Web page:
Intelligent, highly sociable and playful, elephants are among the most entertaining animals to observe for extended periods. They are also perhaps the most physically intimidating of all living creatures, on account of their immense bulk, fierce trumpeting call and unpredictable temperament.
Here is our pick of the best places to see elephants across Africa.
Hwange National Park, Zimbabwe
Hwange National Park boasts the highest diversity of mammals of any national park in the world, including one of the largest elephant populations on Earth, which numbers anywhere between 20,000 and 75,000 in the peak dry season.
Ruaha National Park, Tanzania
Ruaha National Park has the largest elephant population of any Tanzanian national park, despite the heavy poaching that has reduced numbers within the Greater Ruaha ecosystem, from around 70,000 in 1970 to 7,000 in 1990.
Today around 15,000 elephants are thought to migrate through the ecosystem, and sightings are almost a certain, especially in the late dry season when hundreds of elephants congregate daily along the stretch of river between Ruaha River Camp and the Mwagusi confluence.
Loango National Park, Gabon
Gabon is not yet a mainstream destination and therefore one of the best places in Africa to get up close with wildlife. Loango National Park is the jewel in the crown of Gabon’s 13 parks and offers one of the world’s most exhilarating safari experiences, thanks to its irresistible combination of scenery and wildlife.
Loango’s endless beach is one of the few places in the world where buffalo and forest elephants still have access to the sea. Most chances to see elephants wandering the white-sand beaches are during the rainy season from October to April.
The Chobe River, Botswana
One of the main attractions of the boat trips on the Chobe River is the large family groups of elephants that troop down to it waters to drink and bathe, affording spectacular viewing.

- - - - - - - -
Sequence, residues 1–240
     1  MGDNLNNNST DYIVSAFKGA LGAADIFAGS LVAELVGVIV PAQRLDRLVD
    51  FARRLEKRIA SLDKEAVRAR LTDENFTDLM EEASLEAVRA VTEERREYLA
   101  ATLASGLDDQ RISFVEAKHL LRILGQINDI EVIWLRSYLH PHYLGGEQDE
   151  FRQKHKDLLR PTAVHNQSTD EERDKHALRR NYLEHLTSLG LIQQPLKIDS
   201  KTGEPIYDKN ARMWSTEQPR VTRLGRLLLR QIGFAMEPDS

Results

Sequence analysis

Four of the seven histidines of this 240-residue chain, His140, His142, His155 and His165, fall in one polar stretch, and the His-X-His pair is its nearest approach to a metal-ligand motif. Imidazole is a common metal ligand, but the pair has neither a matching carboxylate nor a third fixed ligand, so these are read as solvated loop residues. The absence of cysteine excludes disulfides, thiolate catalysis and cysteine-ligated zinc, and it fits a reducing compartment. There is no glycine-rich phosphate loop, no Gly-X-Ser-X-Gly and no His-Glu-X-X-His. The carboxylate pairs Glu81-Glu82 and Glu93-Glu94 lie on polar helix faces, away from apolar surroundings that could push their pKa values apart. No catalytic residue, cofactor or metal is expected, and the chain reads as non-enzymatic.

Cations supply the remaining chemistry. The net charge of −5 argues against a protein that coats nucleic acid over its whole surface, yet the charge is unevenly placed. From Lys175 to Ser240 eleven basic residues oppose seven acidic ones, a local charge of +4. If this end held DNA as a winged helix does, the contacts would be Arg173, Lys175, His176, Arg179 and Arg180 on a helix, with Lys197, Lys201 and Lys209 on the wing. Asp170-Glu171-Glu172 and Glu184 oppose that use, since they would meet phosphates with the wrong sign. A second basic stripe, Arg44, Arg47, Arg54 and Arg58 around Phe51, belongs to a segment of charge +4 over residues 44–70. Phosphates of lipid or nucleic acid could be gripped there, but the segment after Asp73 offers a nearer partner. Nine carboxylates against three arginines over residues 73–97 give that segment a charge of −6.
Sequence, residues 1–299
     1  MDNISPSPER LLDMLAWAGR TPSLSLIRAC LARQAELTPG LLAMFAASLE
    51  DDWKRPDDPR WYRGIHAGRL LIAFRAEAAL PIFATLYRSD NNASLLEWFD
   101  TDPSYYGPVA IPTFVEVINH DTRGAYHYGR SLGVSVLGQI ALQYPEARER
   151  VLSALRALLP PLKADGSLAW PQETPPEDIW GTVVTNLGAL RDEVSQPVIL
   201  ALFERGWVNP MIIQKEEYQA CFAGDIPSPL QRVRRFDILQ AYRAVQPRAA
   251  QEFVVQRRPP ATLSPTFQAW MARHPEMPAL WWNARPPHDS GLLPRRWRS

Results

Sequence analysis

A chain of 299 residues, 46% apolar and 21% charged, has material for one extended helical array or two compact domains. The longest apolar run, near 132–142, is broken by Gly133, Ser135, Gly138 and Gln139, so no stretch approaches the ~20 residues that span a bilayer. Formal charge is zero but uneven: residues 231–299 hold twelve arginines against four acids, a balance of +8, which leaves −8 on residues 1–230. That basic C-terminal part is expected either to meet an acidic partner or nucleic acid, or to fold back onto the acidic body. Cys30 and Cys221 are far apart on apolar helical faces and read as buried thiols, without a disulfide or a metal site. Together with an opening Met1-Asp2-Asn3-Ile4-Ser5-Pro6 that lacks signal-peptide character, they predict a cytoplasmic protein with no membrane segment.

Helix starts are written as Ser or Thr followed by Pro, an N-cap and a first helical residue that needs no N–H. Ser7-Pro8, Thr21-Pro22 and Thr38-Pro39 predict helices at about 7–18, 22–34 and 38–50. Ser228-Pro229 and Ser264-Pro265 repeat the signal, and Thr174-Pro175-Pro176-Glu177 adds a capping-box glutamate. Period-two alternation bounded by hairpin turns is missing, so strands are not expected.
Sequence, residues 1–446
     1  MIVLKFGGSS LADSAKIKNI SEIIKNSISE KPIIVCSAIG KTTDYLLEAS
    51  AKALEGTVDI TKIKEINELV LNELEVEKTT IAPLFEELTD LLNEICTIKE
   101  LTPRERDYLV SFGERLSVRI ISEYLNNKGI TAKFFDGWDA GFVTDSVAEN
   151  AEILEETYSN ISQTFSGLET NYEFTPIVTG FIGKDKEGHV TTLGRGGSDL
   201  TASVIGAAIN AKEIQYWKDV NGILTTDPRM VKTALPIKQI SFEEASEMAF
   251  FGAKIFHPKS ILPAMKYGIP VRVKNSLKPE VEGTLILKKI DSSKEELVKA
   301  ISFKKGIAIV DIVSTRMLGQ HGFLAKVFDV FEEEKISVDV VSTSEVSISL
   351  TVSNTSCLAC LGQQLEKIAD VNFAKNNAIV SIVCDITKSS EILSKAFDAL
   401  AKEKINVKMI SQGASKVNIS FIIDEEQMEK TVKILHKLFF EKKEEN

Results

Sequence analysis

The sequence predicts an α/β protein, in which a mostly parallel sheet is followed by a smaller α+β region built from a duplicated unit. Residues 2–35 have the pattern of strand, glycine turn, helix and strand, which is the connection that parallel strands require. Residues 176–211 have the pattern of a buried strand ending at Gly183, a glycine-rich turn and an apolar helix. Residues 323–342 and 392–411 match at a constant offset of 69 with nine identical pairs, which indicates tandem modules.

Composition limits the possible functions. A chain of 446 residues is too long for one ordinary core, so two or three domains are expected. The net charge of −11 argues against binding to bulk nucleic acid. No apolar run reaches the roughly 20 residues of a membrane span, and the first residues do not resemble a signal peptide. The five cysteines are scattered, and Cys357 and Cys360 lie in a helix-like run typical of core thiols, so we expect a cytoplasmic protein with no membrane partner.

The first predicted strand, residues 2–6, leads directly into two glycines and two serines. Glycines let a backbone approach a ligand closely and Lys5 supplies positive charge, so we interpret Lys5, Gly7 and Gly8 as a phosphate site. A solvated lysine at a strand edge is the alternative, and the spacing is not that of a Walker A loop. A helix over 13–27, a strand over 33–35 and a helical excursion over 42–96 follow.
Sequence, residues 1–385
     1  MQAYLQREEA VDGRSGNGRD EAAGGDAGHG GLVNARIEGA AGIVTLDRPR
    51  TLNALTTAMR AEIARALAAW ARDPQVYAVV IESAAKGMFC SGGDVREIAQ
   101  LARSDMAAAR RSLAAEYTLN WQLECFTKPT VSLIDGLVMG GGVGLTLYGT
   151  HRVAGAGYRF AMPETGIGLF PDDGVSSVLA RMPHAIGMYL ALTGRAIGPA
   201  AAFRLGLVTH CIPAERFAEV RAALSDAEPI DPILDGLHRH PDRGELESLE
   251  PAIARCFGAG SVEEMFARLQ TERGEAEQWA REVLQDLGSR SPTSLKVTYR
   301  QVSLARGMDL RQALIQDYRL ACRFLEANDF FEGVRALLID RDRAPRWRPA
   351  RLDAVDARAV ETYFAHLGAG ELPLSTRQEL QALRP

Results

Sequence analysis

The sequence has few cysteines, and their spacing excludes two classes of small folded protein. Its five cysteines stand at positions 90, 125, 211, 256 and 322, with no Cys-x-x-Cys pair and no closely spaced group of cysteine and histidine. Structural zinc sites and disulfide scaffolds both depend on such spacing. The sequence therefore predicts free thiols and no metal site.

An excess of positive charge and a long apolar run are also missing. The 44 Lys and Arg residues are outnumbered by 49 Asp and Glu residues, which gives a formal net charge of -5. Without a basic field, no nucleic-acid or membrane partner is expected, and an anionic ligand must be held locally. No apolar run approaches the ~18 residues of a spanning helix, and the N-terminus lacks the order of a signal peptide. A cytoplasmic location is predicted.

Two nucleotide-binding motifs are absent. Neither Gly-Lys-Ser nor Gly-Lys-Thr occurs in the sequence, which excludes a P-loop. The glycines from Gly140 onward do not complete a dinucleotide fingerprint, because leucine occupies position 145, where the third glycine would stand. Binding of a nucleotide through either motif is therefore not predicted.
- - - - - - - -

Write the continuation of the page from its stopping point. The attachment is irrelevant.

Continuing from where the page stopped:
You’ll find these elephants here at any time of day, but they’re especially common in the late afternoon, just before sunset.
Mana Pools National Park, Zimbabwe
Mana Pools National Park is famous for its magnificent elephants that return year after year to the same spots.
Some of these ‘personalities’ are regular visitors to camps and provide guests with a real Jungle Book experience.
Majete Reserve, Malawi
Gazetted in 1955 and neglected by all but poachers for its first half-century of existence, Majete Wildlife Reserve is in the midst of a dramatic and encouraging resurgence.
In 2003, the non-profit African Parks Foundation took over the management of the reserve, and in 2017 they began one of the largest elephant relocations in history, beginning by returning 500 of these creatures back to the reserve.
Tarangire National Park, Tanzania
Although it doesn’t have the same numbers of elephant as its southern counterpart at Ruaha, Tarangire National Park is also justifiably famous for the prolific elephant herds that congregate along the river during the dry season.
In peak times, it is no exaggeration to say that you might see 500 elephants over the course of a day here.
The Kunene Region incorporates one of Africa’s last wildernesses. Namibia’s least-inhabited area and stretches from the coastal desert plain in the northwest and rises slowly into a wild and rugged landscape. Here, slow-growing trees cling to rocky mountains, while wild grass seeds wait dormant on the dust plains for showers of rain.
It is also home to the famous desert elephants. Some naturalists have cited their apparently long legs and proven ability to withstand drought as evidence that they are actually a subspecies of the African elephant. Though that status is still being debated, these remarkable animals are certainly adept at surviving in the driest of areas, utilizing their amazing knowledge of the few water sources that do exist in order to survive.
Learn more about African wildlife in our country-specific guides: